There’s no guarantee on when Saros will be able to get back, and if Game 1 was any indication, Nashville will need to adjust its game plan moving forward. The Predators had a pair of 40-plus goal scorers in the regular season — Matt Duchene, who scored both of Nashville’s Game 1 goals, and Filip Forsberg — but they’re not going to match the Avalanche in output. Instead of just watching the Avalanche dominate offensively (which the Predators did a lot of in Game 1), Nashville must up the physical intensity of this series to throw Colorado off its game. The Avalanche were cutting through Nashville’s defense with ease in Game 1, and if that continues, the Predators will be done within a week. — Shilton

Oilers goaltending an issue again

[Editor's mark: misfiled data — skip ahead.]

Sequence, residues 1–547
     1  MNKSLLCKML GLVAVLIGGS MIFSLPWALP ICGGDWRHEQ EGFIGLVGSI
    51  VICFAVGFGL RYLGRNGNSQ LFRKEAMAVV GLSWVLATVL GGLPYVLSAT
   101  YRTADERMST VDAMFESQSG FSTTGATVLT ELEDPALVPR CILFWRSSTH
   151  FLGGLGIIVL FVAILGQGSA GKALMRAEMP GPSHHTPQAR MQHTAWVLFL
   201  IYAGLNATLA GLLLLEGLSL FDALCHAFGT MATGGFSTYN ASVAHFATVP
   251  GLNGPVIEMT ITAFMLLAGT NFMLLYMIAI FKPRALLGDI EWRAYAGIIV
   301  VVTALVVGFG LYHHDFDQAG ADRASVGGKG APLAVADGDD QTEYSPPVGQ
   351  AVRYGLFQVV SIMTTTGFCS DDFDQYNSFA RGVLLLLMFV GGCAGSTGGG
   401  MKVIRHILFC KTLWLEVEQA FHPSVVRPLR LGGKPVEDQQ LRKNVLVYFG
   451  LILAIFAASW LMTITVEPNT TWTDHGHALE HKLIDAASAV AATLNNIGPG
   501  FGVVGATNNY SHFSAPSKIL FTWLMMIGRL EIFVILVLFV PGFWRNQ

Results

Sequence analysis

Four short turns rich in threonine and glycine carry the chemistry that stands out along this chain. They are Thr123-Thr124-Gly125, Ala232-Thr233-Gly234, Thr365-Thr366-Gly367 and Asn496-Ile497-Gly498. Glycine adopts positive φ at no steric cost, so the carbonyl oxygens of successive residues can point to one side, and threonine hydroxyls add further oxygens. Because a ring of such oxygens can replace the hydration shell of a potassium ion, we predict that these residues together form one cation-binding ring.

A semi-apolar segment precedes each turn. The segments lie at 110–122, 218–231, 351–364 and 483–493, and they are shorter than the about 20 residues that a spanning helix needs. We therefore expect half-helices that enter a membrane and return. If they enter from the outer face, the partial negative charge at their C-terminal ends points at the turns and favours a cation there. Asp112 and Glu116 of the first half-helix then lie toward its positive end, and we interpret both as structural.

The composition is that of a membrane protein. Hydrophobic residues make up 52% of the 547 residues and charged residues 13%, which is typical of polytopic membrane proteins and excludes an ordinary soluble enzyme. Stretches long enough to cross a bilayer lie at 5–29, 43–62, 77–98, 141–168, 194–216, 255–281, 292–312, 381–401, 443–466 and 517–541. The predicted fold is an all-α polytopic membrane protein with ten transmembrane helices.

When the Edmonton Oilers decided to run it back with Mike Smith and Mikko Koskinen as their goalies last offseason, there was widespread criticism. After all, there were more than a few goalies available via trade and free agency last summer. Why not upgrade the spot instead of re-signing Smith to a two-year deal that would take him past his 40th birthday? But then Smith quieted a lot of critics with a nine-game winning streak entering the postseason, where he gave up more than two goals only twice.

He turned into a pumpkin in Game 1 against the Los Angeles Kings. After giving up some specious goals, he committed an unconscionable turnover, passing the puck into the slot to Kings forward Alex Iafallo. Smith made a great save on Iafallo’s shot, but eventually Phillip Danault scored the game winner on that sequence.

Will Smith return for Game 2? Coach Jay Woodcroft was noncommittal about his starter. “One puck-handling error. He made a big save off of that error. I think as a team we can do things to help him in that situation,” Woodcroft said. “It’s a real skill of his. That one play you’re referencing is one that he’d like to get back.” — Wyshynski